2019 Trumpet Festival draws students, community members and long-time players for a full day of masterclasses, performances and more in the Ferguson Center
This Saturday, the CNU Music Department hosted the first Trumpet Festival, a free, all-day event open to all ‘trumpet enthusiasts.’ With a variety of guest speaker presentations, panels, classes and performances, the event drew an audience ranging from younger students to experienced community members.
Guest speakers included artists Ashley Hall, Victor Haskins, FifthBridge and David Vonderheide.
Titled “Careers in Trumpet,” one panel event featured the guests artists, assisted by CNU Faculty professors Dr. Kelly Rossum and Dr. Adam Gandolfo. While each panelist shared their unique story to success with the trumpet, many centered on perseverance through practicing and performing in their school years and above all, refusing to quit.
According to Vonderheide, trying to quit the trumpet in elementary school was only thwarted by not having a signed letter, forcing him to continue and eventually reach new heights in his performance ability.
Having studied with trumpet player and professor Vincent Cichowicz, Vonderheide held a one-hour class to discuss his experience and tips from studying with a professional. Famous in the trumpet world for his flow studies, Cichowicz’s teachings focused on proper breath release and overcoming hesitation.
Emphasizing that the ‘original sin’ of trumpet is “blocking,” or hesitating with one’s breath, Vonderheide said, “it has to be uninhibited, you have to be brave and you have to release.”
Vonderheide shared a more conceptual side of his journey learning the trumpet from Cichowicz, who had some different ideas of how to practice and learn. Even though Vonderheide never heard him play, he learned from listening to Cichowicz’s verbal instruction.
“His philosophy was to get at the ‘why’ instead of ‘what’ to improve playing,” Vonderheide said. “It’s not a ‘paint by numbers’ thing.”
Even with a vast repertoire of performances and current position at the Virginia Symphony, Vonderheide shared that he was not a natural. However, Cichowicz found a way to help him unlock his talent.
“I was doing an unnatural thing [trumpet] and putting it into my natural life,” Vonderheide said.
Making the talk interactive, Vonderheide asked his audience to practice breathing with him, as he led a minute of breathing exercises everyone did together.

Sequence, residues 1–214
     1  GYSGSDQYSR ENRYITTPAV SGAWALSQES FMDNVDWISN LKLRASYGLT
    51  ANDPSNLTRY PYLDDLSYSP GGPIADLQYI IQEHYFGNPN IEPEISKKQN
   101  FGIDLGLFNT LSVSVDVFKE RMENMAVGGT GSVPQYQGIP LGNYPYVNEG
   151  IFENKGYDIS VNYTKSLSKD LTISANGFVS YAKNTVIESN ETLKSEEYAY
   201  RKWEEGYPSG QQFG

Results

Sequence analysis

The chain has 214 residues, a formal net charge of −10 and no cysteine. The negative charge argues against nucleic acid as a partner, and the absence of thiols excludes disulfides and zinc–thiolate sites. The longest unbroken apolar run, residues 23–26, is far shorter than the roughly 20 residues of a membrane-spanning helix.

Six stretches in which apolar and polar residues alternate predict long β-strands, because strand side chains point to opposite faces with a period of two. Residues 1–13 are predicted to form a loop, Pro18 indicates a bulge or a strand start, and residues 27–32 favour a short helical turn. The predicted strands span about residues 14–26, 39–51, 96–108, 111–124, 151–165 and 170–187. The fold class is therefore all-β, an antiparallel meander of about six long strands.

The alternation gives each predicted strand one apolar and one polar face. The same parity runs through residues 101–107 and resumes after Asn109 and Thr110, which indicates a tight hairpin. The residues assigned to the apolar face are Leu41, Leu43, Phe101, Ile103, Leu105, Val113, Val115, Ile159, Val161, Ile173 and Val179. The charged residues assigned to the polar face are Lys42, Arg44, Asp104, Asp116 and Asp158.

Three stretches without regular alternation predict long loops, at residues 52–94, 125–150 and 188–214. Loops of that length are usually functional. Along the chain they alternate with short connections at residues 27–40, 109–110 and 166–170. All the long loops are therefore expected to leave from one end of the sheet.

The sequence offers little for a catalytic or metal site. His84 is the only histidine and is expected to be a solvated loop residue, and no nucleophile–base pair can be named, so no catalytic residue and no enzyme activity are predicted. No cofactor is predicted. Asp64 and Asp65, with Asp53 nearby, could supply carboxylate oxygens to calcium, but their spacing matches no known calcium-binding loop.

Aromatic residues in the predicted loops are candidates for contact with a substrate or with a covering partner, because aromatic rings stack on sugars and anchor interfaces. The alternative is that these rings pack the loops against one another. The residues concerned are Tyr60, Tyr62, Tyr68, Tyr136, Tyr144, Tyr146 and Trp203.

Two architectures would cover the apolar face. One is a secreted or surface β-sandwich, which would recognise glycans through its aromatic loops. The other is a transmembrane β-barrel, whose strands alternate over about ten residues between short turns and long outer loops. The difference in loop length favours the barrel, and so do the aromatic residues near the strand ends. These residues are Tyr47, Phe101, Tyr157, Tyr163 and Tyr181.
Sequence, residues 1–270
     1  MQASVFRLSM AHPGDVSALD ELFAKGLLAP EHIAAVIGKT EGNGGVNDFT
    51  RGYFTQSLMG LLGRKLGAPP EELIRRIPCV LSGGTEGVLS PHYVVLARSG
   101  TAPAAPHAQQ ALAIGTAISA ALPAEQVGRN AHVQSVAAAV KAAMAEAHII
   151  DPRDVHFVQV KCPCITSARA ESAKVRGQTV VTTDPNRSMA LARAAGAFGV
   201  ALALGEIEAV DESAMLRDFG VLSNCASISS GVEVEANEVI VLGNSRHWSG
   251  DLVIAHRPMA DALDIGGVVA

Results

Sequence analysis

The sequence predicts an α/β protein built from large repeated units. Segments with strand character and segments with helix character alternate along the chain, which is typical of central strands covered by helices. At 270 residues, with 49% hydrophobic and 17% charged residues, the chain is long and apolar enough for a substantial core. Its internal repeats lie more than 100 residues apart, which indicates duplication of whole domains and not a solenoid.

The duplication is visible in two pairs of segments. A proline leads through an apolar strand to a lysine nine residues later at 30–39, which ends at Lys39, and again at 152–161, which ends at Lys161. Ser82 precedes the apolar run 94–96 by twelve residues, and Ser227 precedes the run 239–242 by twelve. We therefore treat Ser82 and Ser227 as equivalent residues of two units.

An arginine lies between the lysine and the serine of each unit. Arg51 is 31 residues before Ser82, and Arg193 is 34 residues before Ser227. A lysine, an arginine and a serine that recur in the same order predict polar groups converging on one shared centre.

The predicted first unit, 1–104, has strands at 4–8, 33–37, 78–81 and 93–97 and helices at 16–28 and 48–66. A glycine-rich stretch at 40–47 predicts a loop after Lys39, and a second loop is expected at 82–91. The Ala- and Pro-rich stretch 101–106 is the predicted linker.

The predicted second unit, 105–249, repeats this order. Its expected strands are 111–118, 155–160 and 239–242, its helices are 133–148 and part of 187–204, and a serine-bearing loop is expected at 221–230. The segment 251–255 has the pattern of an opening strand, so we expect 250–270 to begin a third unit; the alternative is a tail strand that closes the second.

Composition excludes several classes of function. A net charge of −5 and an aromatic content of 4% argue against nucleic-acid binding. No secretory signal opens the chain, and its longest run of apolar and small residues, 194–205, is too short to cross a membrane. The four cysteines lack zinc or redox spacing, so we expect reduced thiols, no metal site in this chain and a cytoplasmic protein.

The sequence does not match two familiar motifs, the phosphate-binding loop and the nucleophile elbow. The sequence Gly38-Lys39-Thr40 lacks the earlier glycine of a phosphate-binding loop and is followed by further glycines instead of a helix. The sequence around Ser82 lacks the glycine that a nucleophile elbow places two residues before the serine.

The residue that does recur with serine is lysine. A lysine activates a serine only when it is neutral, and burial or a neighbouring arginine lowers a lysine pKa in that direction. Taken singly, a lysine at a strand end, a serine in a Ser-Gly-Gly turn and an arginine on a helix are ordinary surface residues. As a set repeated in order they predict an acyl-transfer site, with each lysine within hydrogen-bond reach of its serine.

Q & A with Dr. Kelly Rossum
How did you prepare for the festival?
“It is something that I put together in the course of the whole Fall. I had a student committee help me which was fantastic because they had ‘let’s try this, let’s try this’ and other ideas. I also had faculty and staff support to get it all to happen. Lastly, of course, was the Ferguson Center. I couldn’t have done it without them! We need the hall, and all their support and the tech, so it was a lot of people behind the scenes to figure it out.”
What was the outcome of the festival?
“The first one was an experiment and it was amazing. At the end of the concert there were I’m guessing thirty trumpet players on stage playing the final piece. It was super, super cool. We had CNU students there, professionals, community members, High School students, junior high students. I mean, everybody was up on stage. It was really cool.”
What is festival’s ‘mission statement?’
“Bring Hampton Roads area trumpet players together. A lot of Virginia people traveled down from Richmond, down from DC and up from North Carolina, even students from JMU and VT were here.”
How did you choose guest speakers?
“I’ve known all of the guest artists for the course of my career. They are brilliant musicians and excellent teachers and masterclass. Not only are they great musicians, but you can ask them how they do what they’re doing and they will tell you. Some musicians can’t respond in the way that we would love to know and these are all great speakers and performers.”
Why do you enjoy teaching trumpet?
“I personally have a very love-hate relationship with the trumpet because it’s so hard. It’s a really difficult instrument, so I try to give my students space to love and hate it at the same time. It’s a challenge – it’s a daily challenge as a musician. You have to do it every day, and you can’t take a day off.”
What was your favorite part of the day?
“There was a father and a daughter that came to it together, and they are both trumpet players. That’s my favorite part, because I love teaching little kids because they’re so excited and wide-eyed. And to see a father who loves playing trumpet and who was so into it bring his daughter was my favorite part.”
~Kristen Ziccarelli, A&E Editor~